Nebbiolo: Nervi Gattinara 2008 – Pairing Rating: 10.0 out of 10.0
Rare is the occasion when a restaurant’s Wines-by-the-Glass menu serves up a perfect pairing choice for one of its signature dishes. Such was the case last Friday night at the restaurant Jamestown FiSH in Rhode Island.
Most restaurant Wines-by-the-Glass menus are predictable collections of American wines of very recent vintages. Sure, there might be a token village Burgundy or wine from the Southern Hemisphere, but nothing that either challenges, intrigues or inspires. This is certainly understandable given that wines-by-the-glass is one of the most profitable offerings for any restaurant. As such, most wine directors keep the list familiar and approachable.
At Jamestown FiSH, when I saw the Nervi Nebbiolo (Gattinara is the subregion) from the outstanding 2008 vintage on the Wines-by-the-Glass list, I knew this would be a special restaurant occasion. The complete wine list was incredible: comprehensive, fairly-valued and with vintage depth. Unfortunately, I failed to convince any in our party to share a bottle with me. So I had to “settle” for this 7+ year old Nebbiolo-by-the-glass that was at that perfect stage of its life: the tannins were relaxed and supple, yet the wine’s youthful freshness beamed brightly. In the money management world, this was like hearing “I’m sorry, Warren Buffett will not be joining you for dinner tonight, you’ll have to “settle” for Peter Lynch, of Fidelity Magellan fame” That’s not settling. And there was no “settling” at Jamestown FiSH that night.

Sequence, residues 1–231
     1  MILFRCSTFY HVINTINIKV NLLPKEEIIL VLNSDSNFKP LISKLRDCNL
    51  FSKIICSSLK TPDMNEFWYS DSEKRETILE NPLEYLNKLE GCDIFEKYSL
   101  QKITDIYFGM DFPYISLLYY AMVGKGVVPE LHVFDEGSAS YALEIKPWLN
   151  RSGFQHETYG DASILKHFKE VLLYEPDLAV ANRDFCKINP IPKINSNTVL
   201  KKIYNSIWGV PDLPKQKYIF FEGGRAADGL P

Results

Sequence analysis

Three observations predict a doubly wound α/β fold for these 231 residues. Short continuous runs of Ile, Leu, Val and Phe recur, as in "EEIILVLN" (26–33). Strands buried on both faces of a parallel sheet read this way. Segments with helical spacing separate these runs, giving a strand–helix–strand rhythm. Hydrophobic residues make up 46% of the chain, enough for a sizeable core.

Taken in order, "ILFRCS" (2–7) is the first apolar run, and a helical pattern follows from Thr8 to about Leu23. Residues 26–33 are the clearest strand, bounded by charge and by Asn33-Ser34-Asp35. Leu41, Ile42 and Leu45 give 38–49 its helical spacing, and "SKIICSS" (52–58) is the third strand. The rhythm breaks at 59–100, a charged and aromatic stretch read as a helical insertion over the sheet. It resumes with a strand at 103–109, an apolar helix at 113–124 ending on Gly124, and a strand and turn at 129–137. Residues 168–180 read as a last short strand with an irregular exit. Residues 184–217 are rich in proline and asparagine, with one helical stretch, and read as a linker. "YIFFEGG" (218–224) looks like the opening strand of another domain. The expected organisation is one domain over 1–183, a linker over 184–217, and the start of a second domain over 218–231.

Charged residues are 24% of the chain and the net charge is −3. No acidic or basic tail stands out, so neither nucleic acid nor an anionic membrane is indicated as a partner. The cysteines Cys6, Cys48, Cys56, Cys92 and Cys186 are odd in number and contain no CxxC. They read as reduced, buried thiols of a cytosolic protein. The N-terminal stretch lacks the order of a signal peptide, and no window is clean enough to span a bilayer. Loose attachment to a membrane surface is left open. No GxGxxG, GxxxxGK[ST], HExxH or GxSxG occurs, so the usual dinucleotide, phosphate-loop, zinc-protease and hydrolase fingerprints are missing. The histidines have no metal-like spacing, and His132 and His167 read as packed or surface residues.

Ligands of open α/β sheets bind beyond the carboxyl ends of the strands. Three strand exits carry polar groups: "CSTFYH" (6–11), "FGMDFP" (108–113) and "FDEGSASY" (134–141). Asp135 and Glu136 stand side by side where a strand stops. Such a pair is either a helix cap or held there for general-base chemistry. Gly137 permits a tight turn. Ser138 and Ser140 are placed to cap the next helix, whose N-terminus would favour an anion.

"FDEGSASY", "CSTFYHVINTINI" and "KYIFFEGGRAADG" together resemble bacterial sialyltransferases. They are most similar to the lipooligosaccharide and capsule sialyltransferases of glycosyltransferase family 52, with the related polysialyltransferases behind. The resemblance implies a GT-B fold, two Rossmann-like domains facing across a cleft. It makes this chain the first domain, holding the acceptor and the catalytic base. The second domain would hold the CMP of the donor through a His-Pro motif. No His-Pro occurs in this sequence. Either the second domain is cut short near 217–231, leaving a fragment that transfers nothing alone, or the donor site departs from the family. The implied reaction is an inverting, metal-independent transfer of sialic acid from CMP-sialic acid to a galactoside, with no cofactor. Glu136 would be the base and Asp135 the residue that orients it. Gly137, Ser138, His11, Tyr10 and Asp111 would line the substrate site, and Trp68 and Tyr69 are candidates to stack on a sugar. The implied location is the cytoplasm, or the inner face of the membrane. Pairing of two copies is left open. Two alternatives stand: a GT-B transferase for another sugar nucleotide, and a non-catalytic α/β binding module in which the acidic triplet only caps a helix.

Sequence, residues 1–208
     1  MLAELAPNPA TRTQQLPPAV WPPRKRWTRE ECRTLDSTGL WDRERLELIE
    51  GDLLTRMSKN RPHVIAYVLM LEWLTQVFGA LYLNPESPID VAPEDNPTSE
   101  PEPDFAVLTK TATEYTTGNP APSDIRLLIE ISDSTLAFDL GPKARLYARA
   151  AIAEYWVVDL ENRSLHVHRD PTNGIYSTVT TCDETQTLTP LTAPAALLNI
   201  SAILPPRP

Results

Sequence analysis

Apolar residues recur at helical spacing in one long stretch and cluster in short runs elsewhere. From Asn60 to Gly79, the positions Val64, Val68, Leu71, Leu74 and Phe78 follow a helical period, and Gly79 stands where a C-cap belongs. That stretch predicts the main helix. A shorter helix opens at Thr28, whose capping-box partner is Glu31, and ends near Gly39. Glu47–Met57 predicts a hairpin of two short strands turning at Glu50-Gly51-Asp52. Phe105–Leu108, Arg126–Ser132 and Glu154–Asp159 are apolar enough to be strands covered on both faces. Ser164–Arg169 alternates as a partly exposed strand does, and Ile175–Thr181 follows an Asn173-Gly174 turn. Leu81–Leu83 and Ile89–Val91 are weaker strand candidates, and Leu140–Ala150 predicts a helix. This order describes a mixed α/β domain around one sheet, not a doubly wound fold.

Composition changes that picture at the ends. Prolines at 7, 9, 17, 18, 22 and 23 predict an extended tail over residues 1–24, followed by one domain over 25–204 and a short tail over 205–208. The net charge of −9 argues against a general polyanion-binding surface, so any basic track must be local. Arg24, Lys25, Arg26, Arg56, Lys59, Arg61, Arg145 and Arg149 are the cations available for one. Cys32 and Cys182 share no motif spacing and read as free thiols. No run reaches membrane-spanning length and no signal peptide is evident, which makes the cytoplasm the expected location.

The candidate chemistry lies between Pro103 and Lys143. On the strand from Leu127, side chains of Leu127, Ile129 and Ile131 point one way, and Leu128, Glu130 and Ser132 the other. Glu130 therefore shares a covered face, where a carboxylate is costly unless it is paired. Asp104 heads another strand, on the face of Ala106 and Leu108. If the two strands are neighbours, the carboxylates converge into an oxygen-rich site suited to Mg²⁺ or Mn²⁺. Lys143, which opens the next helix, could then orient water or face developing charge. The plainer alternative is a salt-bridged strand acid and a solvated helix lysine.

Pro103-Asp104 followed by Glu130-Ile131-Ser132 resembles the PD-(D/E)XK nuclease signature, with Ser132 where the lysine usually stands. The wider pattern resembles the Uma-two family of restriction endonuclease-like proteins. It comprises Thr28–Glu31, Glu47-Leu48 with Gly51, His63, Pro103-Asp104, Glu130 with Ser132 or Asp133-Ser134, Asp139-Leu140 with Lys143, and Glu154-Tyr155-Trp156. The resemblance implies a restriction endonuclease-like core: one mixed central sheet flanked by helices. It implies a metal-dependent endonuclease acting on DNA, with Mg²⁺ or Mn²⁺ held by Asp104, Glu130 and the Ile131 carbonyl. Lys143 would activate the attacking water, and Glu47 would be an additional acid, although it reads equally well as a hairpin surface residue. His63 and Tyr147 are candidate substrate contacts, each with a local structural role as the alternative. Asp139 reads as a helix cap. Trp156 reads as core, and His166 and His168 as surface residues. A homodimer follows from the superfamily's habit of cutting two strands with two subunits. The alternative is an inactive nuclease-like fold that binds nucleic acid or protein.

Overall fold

The 2008 Nervi Gattinara ($35 per bottle retail) had a nose that was explosive: red fruits, earth and leather. On the palate, the dried cherry, raspberry, mushroom and licorice called out for dish that had some butter fat and truffles . . . to serve as a bridge with the earthy wine. The menu offering of Lobster with Linguini, Summer Truffles and Coral Butter was the perfect pairing choice for all those reasons.
Had it been Lobster with a simple Butter Sauce, I would have opted for a Chardonnay with a bit of oak. But with this truffled dish, the Nebbiolo from Nervi was the clear choice. Mid-weight and clean-finishing, the wine allowed the delicate flavors of the Lobster to show, while reinforcing the exquisite truffle complement.
At the conclusion of our dinner, the Executive Chef, Matthew MacCartney, stopped by the table to introduce himself. Matthew is a New Yorker with more than 20 years in the restaurant business, having trained at Restaurant Daniel, Gramercy Tavern, Craft in NYC, and Pasta Nostra in So. Norwalk, CT. A brief tour of the restaurant affirmed his creative thinking: a large outdoor patio with bar and pizza oven; a cozy corner of the patio with couches and large fire pit; and a barroom with an informal menu. All separate from the formal dining room where we sat. We will definitely be going back.